I like to use this layout as the basic foundation for tweaking future layouts. Feel free to customize it as necessary.
As the name might imply, this layout is a bit more aggressive with placement, and relies on you having a relatively narrow layout with a strong and consistent bit of branding.
This layout works best if all of the ads have the same content. For example, if a car seller wants to advertise on your site, all three display ads should have the same color scheme and be part of the same ad campaign to sell the same car.
The primary benefit of this layout is something that sites like IGN and IMDB do; they can change the background image of their site as a whole to further the branding and advertisement of the ads. That makes this a great layout to use with advertisers other than AdSense, particularly if they’re lucrative private deals.
This layout is very aggressive, which can turn off your users if they’re not willing to click your ads. On the other hand, with large ads at the forefront of your page, it can have very high click-through rates. Users are attracted to compelling ads, but because of their placement, they can obstruct your content.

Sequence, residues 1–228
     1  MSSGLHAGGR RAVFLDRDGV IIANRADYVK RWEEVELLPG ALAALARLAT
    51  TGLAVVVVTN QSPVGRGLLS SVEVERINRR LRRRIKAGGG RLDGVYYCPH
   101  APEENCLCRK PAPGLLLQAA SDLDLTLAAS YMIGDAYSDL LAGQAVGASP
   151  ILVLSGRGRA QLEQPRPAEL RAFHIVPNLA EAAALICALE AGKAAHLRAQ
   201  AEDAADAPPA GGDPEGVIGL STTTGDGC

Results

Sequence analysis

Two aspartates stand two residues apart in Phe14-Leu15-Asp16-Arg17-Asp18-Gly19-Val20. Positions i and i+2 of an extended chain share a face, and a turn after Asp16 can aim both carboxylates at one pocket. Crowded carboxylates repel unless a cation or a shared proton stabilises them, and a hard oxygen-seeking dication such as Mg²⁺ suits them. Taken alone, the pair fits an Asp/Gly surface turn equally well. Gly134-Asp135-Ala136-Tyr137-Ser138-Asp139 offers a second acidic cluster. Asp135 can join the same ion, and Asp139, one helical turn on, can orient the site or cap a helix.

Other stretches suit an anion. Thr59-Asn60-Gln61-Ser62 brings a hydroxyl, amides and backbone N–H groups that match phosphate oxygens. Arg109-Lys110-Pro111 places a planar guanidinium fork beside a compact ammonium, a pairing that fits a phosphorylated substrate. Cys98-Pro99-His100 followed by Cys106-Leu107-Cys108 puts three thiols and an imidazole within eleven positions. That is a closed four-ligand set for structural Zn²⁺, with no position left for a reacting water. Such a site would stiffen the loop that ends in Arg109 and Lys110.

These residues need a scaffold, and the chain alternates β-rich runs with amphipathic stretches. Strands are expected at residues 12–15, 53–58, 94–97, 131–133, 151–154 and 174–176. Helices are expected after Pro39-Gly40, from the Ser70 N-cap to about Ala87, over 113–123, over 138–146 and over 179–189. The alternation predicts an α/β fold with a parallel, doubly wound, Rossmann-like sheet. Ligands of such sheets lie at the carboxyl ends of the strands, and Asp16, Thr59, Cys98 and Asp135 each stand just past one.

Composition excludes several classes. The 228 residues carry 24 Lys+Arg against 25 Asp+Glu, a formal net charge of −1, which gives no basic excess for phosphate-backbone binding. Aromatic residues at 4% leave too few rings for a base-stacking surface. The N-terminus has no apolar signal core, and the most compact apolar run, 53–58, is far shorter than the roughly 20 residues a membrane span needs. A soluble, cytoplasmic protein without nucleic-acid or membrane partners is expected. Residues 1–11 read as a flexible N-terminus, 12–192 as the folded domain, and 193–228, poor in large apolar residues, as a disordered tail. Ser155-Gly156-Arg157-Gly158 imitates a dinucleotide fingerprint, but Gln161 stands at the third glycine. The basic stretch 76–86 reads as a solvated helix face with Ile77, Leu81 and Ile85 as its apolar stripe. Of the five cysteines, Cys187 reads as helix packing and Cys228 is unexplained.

This layout stacks all of your ads at the top of the page, which give them a huge initial first impression, but tapers off as people get deeper into your content.
This layout tries to avoid obstructing your content with ads, and makes sure enough of it is visible to draw in readers. It’s probably one of the safest when it comes to Google penalties, but it’s also likely lower with CTR than some of these others.
This leaves your content clear and unobstructed, so users can see what they came for and are exposed to your ads the moment they lose interest and look for something else.
This layout makes heavy use of ads that are much narrower than they are tall, or much taller than they are wide. Horizontal banners and tall, thin skyscrapers work best here.
Some users will appreciate how low-impact these ads are, due to how they aren’t large squares taking up a ton of space and smushing your content to one side. Unobtrusive or native-looking ads work best.
So there you go; five layouts to use for the basis of testing and brainstorming ideas. Take them, adapt them, test them, improve them, and make loads of cash from AdSense.